Succession, a series of environmental changes, occurs in all ecosystems. The stages that any ecosystem passes through are predictable. In this activity, you will place the stages of succession of two ecosystems into sequence. You will also describe changes in an ecosystem and make predictions about changes that will take place from one stage of succession to another.
The evolution of a body of water from a lake to a marsh can last for thousands of years. The process cannot be observed directly. Instead, a method can be used to find the links of stages and then to put them together to develop a complete story.
The water level of Lake Michigan was once 18 meters higher than it is today. As the water level fell, land was exposed. Many small lakes or ponds were left behind where there were depressions in the land. Below are illustrations and descriptions of four ponds as they exist today. Use the illustrations and descriptions to answer the questions about the ponds.
Pond A: Cattails, bulrishes, and water lilies grow in the pond. These plants have their roots in the bottom of the pond, but they can reach above the surface of the water. This pond is an ideal habitat for the animals that must climb to the surface for oxygen. Aquatic insect larvae are abundant. They serve as food for larger insects, which in turn are food for crafish, frogs, salamanders, and turtles.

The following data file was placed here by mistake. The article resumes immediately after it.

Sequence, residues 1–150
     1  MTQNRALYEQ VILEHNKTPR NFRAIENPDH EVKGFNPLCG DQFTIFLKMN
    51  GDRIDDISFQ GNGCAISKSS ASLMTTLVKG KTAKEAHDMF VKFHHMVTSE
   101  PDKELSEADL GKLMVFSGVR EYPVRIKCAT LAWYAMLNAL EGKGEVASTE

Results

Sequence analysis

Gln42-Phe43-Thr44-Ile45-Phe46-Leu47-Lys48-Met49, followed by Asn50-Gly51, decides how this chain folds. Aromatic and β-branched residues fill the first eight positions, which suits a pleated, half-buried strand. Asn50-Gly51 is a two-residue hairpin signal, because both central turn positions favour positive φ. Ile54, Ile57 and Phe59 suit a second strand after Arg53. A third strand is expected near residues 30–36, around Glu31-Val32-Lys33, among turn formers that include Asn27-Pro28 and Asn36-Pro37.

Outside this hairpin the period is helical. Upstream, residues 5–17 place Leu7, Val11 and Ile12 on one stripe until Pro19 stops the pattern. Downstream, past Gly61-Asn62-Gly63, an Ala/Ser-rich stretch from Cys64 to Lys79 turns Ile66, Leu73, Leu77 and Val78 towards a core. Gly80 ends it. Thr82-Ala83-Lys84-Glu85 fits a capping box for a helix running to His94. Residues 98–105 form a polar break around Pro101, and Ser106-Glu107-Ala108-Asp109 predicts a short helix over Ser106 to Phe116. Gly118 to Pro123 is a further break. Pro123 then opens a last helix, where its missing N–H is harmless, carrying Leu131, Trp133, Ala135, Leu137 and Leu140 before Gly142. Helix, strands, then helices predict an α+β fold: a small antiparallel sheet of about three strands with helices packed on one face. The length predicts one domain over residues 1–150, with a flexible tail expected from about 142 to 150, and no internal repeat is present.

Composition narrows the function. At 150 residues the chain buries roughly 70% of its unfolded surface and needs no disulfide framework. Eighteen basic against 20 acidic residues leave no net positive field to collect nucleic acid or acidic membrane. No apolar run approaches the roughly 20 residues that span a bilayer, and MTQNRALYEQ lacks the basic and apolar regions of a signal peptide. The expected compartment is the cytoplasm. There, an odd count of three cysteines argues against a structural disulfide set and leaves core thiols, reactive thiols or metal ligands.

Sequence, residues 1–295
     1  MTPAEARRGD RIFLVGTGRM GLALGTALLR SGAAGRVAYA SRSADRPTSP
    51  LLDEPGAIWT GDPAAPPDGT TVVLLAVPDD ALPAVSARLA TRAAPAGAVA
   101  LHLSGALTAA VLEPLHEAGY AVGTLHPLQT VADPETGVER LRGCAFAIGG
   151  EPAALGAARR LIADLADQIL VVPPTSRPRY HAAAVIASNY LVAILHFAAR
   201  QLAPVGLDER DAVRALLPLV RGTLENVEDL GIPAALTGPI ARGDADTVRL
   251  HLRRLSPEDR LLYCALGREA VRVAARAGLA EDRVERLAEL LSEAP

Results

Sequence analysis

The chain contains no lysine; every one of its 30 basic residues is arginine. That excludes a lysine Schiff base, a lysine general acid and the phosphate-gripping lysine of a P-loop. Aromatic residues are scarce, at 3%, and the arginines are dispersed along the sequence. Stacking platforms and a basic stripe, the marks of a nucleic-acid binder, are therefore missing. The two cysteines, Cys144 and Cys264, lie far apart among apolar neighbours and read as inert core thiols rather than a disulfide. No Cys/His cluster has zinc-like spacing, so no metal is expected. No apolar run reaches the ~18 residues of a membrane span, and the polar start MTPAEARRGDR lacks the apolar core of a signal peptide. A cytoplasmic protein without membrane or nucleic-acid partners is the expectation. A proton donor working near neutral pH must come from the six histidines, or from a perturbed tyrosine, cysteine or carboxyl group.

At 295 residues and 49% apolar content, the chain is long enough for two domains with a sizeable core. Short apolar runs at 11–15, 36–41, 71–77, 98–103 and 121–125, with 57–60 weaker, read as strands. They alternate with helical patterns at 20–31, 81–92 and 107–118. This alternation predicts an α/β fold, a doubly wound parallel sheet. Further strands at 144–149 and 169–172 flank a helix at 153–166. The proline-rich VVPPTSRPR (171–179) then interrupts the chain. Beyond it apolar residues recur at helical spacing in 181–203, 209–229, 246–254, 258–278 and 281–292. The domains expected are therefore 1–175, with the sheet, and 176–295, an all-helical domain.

Pond B: Plankton growth is rich enough to support animals that entered when the pond was connected to the lake. Fish make nests on the sandy bottom. Mussels crawl over the bottom.
Pond C: Decayed bodies of plants and animals form a layer of humus over the bottom of the pond. Chara, a branching green algae, covers the humus. Fish that build nests on the bare bottom have been replacedby those that lay their eggs on the Chara.
Pond D: The pond is so filled with vegetation that there are no longer any large areas of open water. Instead, the pond is filled with grasses. The water dries up during the summer months.
1. Write the letters of the ponds in order from the youngest, to the oldest.
2. Black bass and bluegill make their nests on sandy bottoms. In which pond would you find them? ____________
3. What will happen to the black bass and blue gill as the floor of the ponds fills with organic debris? ___________
4. Golden shiner and mud minnows lay their eggs on Chara. In which pond would you find them? _____________
5. Some amphibians and crayfish can withstand periods of dryness by burying themselves in mud. In which pond(s) would they survive? _________
6. Dragonfly nymphs spend their early stages clinging to submerged plants. Then, they climb to the surface, shed their skins and fly away as dragonflies. Which pond is best suited for dragonflies?_____________________
7. In which pond will gill breathing snails be replaced by lung breathing snails that climb to the surface to breathe? ____
8. Some mussels require a sandy bottom in order to maintain an upright position. In which ponds will they die out._____
The climax community in the area of Michigan is a beech-maple forest. After the ponds are filled in, the area will undergo another series of stages of succession. This is illustrated below. Briefly explain what is happening in the diagram below.